Earth’s exile: Jennifer Lawrence’s character cannot leave the house. If Mother Earth is Eden / the planet, this would be logical, but then begs the question where does the Poet / God go when he walks around? And from whence come all of the other people / fans?
[What follows is my personal interpretation] I think that Darren Aronofsky strays from his initial outline in the third act. Rather than continuing to focus on the Biblical aspect of the film, he opens it up to include aspects of his own, personal story in the movie.
Aronofsky sees himself as God, in a sense and, as he’s an atheist, this doesn’t trouble him all that much. After all, God and film directors are both creators who are looking to please the masses. Aronofsky realizes here that he’s drawn to the adoration of fans, to the point where he unwittingly lets them distract him from his personal life. Like the Poet in the film, he finds it difficult to turn away admirers, even when they are invading his privacy.
That adoration can be more important to a creator than the love of a partner. After all, what is the logical outcome when presented with a choice between the love of one or the love of many? For someone who craves love and attention, that choice is an easy one.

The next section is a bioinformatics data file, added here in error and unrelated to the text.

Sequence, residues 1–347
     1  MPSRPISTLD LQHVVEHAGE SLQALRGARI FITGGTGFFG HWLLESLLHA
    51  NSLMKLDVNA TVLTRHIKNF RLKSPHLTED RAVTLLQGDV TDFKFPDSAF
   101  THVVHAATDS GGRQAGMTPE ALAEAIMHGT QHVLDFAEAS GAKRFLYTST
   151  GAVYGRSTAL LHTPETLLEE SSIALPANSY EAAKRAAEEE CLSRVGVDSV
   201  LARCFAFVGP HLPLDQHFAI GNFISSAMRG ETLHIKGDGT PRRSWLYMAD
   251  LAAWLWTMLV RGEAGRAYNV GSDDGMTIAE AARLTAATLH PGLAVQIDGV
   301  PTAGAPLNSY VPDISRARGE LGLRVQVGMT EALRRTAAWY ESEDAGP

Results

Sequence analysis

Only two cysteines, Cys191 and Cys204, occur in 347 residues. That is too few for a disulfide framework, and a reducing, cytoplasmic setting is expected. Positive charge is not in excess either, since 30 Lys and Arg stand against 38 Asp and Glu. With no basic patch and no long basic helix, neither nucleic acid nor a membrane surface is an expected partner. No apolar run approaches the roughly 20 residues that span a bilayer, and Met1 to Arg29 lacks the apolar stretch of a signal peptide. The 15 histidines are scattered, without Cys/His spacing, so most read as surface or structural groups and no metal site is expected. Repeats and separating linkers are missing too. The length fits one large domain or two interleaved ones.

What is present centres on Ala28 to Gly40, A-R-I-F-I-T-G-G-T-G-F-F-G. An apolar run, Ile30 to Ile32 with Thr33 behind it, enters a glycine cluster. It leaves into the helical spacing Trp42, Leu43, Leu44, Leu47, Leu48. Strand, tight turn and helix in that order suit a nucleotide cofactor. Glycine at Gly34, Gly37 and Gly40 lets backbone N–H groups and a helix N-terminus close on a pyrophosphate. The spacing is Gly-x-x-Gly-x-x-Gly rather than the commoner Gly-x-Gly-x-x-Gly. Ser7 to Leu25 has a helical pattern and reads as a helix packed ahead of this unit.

When the creator turns his back on the person who loves him the most, she then destroys the relationship between them. She’s the one who demolishes the house, not the others. That she leaves saddens him, but also prepares the way for a new relationship where he’ll continue to make the same mistakes. My personal take on the ending of the film, then, is that it’s autobiographical. Aronofsky recognizes his own need for attention and admiration can interfere with his personal relationships, going so far as causing some of them to end. Yet he doesn’t learn from this, because when one relationship ends, he simply moves on to the next.
That’s it then! What do you think of my analysis? Do you have any questions about the symbolism? Does my interpretation of the ending ring true? Please feel to leave a comment with any questions or observations of your own! I’d love to hear what you think!
Also, if you know somebody who has seen or might want to see the film, please consider sharing it on Facebook or other social media! The more of us there are, the merrier it will be when we decipher the entire movie!
After having seen the film a second time, I have some new questions and observations!
Why is Adam a doctor? It’s mentioned several times in the film that Adam is a doctor / orthopaedist; too many times for it not to have meaning.
What was the thing in the toilet? The day after Adam is sick in the toilet, She notices there’s a beast which resembles a heart which is clogging the bowl. She prods at it with the plunger, it screeches and then emits an inky substance before disappearing. Does anyone have a clue as to what this could mean?